Pssst! Want a l33t custom UI?
Like you, I would see screenshots of cool, custom user interfaces from time to time on the forum boards and think that it would be cool to have one like that. But it seemed like whenever you did some research into setting one up, even using a compilation, you had to be a WoW programmer to get them up and running, let alone keep them stable. I don’t know about you, but I want to spend my time playing, not messing around with my UI.
Well, a couple posts ago, when I was lamenting my add-on mess and you all recommended focusing on Ace add-ons and using the Ace updater (thank you again, btw), I came across a bunch of compilation packages on Curse. If you follow the link, bypass the “new today” and the “hot today” at the top of the page and sort by top rated a little further down. Seems many of the packages use Ace add-ons. Well, I started poking around and caught the bug again. This time when I read the install instructions, they seemed pretty simple. So I thought, “hey, maybe I’ll give this a try!”
I checked a couple out and looked at the screenshots of some of the more highly rated ones. I ended up liking ADUI (All Deuce UI). No particular reason, I just liked the way it looked, plus the fact that it was one of the top rated compilations.
Well, just like updaters, it seems that compilations have gotten a lot better. I downloaded ADUI, unzipped it, followed the install instructions and I was up and running with my new UI. And it looked pretty sweet.
Okay, it wasn’t quite as easy as that, but almost. I’m still sorting through some of the details, and I haven’t played with all the add-ons yet, but I can say that it’s a pretty painless way to get a great looking UI. Another side benefit is that the players that take the time to put together a compilation generally include the best add-ons in all categories and they seem to concentrate on Ace add-ons. So you get the best of the best, and you can keep them updated via the auto-updater.
Also, two add-ons in particular, AutoBar and Trinketmenu, provide you with action buttons not connected with your “official” action bars. I was close to running out of action bars in Bartender the way I have them setup, but with these two add-ons, I’ve been able to free up a lot of buttons.
I can’t speak for the other packages, but the ADUI developer has also included what he calls the Deuce Commander, a Fu-Bar plug in that gathers all the add-on control menus under one consolidate menu, by add-on category. Very nice. There’s also a little bolt attached to the mini-map you can use to bring up a similar control panel. It’s got a drop down with all the add-ons listed. Select the add-on you want to modify and up comes it’s graphical control panel. Very, very nice.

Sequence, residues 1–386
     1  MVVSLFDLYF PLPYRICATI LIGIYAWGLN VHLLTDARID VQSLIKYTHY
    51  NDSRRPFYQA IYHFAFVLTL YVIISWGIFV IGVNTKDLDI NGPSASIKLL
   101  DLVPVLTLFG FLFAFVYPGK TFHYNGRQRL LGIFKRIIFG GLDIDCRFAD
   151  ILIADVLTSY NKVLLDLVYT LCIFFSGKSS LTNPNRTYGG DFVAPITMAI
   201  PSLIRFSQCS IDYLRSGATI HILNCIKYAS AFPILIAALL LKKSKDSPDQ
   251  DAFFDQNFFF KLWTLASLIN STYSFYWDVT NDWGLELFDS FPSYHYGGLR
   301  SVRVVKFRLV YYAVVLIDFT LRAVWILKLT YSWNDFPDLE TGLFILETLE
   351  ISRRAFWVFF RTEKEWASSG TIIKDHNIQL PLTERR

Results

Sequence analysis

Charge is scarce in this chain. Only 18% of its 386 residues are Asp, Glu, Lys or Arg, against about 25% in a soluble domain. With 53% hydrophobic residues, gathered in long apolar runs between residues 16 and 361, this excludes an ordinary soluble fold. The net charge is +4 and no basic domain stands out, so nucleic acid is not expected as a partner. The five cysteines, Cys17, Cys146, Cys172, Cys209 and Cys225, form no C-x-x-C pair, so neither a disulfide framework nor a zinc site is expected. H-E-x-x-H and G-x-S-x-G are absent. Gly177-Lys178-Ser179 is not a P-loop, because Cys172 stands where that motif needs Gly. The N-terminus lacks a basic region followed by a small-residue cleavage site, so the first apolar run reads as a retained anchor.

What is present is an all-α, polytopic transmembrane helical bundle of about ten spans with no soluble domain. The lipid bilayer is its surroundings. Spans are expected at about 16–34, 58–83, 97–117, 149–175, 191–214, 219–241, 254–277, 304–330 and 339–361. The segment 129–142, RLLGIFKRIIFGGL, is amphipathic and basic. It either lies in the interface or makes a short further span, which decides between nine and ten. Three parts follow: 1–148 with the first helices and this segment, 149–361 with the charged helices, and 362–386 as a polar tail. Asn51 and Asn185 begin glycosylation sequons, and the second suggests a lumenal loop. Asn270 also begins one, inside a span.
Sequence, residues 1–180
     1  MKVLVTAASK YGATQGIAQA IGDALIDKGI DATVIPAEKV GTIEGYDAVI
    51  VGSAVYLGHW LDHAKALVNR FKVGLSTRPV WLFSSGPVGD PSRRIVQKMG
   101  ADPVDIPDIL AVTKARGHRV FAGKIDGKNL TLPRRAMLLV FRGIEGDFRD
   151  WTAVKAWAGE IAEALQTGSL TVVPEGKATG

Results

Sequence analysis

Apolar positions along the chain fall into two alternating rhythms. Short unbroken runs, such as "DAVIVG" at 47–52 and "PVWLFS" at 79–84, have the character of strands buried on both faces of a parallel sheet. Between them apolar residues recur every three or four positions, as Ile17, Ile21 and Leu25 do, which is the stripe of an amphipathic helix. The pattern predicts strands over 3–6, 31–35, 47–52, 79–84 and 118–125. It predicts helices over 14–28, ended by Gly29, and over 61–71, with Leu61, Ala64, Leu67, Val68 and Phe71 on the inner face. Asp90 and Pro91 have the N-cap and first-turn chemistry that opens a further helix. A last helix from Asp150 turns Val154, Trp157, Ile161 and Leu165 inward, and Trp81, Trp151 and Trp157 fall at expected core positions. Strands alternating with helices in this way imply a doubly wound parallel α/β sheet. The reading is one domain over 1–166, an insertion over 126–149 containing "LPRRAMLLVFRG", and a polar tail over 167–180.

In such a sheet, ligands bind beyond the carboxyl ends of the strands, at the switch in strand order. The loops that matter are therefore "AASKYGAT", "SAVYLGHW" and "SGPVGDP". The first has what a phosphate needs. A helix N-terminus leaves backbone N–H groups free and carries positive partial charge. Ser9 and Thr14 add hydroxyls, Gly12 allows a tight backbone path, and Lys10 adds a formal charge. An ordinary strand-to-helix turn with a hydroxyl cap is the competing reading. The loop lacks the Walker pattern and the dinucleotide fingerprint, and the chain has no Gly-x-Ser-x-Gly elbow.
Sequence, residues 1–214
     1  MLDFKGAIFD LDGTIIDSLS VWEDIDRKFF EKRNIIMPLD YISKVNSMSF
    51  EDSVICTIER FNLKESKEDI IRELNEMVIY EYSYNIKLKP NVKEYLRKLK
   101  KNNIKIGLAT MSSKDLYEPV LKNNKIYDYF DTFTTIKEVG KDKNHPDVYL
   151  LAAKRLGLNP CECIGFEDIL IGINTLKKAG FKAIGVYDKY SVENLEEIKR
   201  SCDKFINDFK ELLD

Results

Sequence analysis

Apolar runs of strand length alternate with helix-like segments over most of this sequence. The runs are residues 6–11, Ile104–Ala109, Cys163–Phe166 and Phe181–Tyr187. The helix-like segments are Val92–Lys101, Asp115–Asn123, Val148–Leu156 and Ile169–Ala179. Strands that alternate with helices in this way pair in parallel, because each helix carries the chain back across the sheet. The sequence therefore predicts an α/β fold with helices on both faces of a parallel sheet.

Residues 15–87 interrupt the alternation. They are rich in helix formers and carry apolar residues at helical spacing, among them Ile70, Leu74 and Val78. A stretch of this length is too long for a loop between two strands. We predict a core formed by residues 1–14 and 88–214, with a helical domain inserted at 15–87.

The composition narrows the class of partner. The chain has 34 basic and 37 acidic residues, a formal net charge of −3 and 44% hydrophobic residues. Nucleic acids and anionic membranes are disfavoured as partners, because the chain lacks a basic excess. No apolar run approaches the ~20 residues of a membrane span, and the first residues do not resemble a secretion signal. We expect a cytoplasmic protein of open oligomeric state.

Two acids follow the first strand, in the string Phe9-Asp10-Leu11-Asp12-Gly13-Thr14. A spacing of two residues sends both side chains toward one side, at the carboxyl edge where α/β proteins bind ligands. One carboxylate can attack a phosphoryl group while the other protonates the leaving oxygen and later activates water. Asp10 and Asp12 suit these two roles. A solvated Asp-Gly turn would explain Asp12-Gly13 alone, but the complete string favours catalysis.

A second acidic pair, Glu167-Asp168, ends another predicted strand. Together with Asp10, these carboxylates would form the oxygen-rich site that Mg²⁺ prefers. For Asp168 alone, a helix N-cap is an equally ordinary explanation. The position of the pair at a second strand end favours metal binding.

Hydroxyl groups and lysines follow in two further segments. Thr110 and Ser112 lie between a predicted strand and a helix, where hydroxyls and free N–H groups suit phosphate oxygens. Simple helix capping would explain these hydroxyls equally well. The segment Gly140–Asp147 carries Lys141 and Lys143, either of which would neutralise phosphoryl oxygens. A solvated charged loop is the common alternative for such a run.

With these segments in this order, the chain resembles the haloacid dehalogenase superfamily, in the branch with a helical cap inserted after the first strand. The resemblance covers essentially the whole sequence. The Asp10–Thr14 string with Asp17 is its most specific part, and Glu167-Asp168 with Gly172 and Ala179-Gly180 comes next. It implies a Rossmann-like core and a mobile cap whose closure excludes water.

Now, I’m not saying there aren’t downsides. You are messing with your UI and there can be consequences. Right off the bat, you start dealing with scaling issues since all the artwork in a particular compilation download is geared toward a specific screen resolution. Also, while you can backup your current Account and Interface folder should anything go wrong, you may have a lot of re-config time getting your compilation setup the exact way you want it. Also, since compilations tend to have lots of add-ons doing lots of things, it’s not always obvious what config you need to go into to tweak (or turn off). Sometimes, you can’t even figure out what’s doing what….
Well, I’m still tweaking and playing. In addition to the consolidated configuration menus listed above, there’s lots to like about ADUI including a great FAQ and forums for support. The add-ons included generally appear to be very good in their category. For example, inventory management is through ArkInventory. I had never used this particular add-on before and I must say it is great. This trend of using not the most well known add-on, but rather a more cutting-edge one continues by using Omen for threat management. Of course this cuts both ways as Omen is compatible with KLH which many of your guildmates are probably using, in that it can receive KLH data but that data gets unreliable past the first mob. So you need to decide for yourself how cutting edge you want to be. The good thing about a compilation though is that you can simply turn off any add-on you don’t want to use and replace it with another.